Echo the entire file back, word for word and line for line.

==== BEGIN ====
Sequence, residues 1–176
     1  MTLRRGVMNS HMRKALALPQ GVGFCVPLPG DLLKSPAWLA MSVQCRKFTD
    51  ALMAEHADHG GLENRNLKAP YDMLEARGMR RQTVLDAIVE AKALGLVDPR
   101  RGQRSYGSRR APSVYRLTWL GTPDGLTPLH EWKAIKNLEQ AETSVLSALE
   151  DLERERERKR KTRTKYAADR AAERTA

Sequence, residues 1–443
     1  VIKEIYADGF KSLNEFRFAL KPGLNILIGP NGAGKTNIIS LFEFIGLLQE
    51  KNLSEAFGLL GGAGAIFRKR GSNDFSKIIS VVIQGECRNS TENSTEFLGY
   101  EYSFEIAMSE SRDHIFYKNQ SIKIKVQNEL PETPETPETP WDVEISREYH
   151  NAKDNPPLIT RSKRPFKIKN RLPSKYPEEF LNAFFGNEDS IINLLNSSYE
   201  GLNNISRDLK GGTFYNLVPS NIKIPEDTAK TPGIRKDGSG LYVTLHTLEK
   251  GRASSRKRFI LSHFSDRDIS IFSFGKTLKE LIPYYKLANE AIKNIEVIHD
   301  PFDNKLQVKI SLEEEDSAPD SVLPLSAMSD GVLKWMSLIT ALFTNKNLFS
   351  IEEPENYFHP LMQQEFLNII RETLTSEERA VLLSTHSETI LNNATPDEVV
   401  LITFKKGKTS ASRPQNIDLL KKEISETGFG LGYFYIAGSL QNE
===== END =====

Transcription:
Sequence, residues 1–176
     1  MTLRRGVMNS HMRKALALPQ GVGFCVPLPG DLLKSPAWLA MSVQCRKFTD
    51  ALMAEHADHG GLENRNLKAP YDMLEARGMR RQTVLDAIVE AKALGLVDPR
   101  RGQRSYGSRR APSVYRLTWL GTPDGLTPLH EWKAIKNLEQ AETSVLSALE
   151  DLERERERKR KTRTKYAADR AAERTA

Sequence, residues 1–443
     1  VIKEIYADGF KSLNEFRFAL KPGLNILIGP NGAGKTNIIS LFEFIGLLQE
    51  KNLSEAFGLL GGAGAIFRKR GSNDFSKIIS VVIQGECRNS TENSTEFLGY
   101  EYSFEIAMSE SRDHIFYKNQ SIKIKVQNEL PETPETPETP WDVEISREYH
   151  NAKDNPPLIT RSKRPFKIKN RLPSKYPEEF LNAFFGNEDS IINLLNSSYE
   201  GLNNISRDLK GGTFYNLVPS NIKIPEDTAK TPGIRKDGSG LYVTLHTLEK
   251  GRASSRKRFI LSHFSDRDIS IFSFGKTLKE LIPYYKLANE AIKNIEVIHD
   301  PFDNKLQVKI SLEEEDSAPD SVLPLSAMSD GVLKWMSLIT ALFTNKNLFS
   351  IEEPENYFHP LMQQEFLNII RETLTSEERA VLLSTHSETI LNNATPDEVV
   401  LITFKKGKTS ASRPQNIDLL KKEISETGFG LGYFYIAGSL QNE